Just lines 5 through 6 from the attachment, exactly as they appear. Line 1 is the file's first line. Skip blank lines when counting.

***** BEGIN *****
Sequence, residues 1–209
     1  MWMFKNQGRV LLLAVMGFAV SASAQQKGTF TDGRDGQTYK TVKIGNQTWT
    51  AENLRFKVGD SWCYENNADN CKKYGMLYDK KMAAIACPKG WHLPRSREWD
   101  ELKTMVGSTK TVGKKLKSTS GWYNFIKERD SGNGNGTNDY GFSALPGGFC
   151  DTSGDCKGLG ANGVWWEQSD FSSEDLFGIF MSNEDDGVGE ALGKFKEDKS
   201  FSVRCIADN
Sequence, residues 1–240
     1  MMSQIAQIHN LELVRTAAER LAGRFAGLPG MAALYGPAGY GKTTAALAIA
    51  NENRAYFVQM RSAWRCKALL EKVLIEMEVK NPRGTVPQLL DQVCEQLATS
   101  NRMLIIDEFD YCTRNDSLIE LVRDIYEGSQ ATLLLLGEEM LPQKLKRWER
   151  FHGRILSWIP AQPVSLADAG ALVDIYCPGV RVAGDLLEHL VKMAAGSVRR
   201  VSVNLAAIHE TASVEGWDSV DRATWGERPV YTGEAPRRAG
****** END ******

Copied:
   151  DTSGDCKGLG ANGVWWEQSD FSSEDLFGIF MSNEDDGVGE ALGKFKEDKS
   201  FSVRCIADN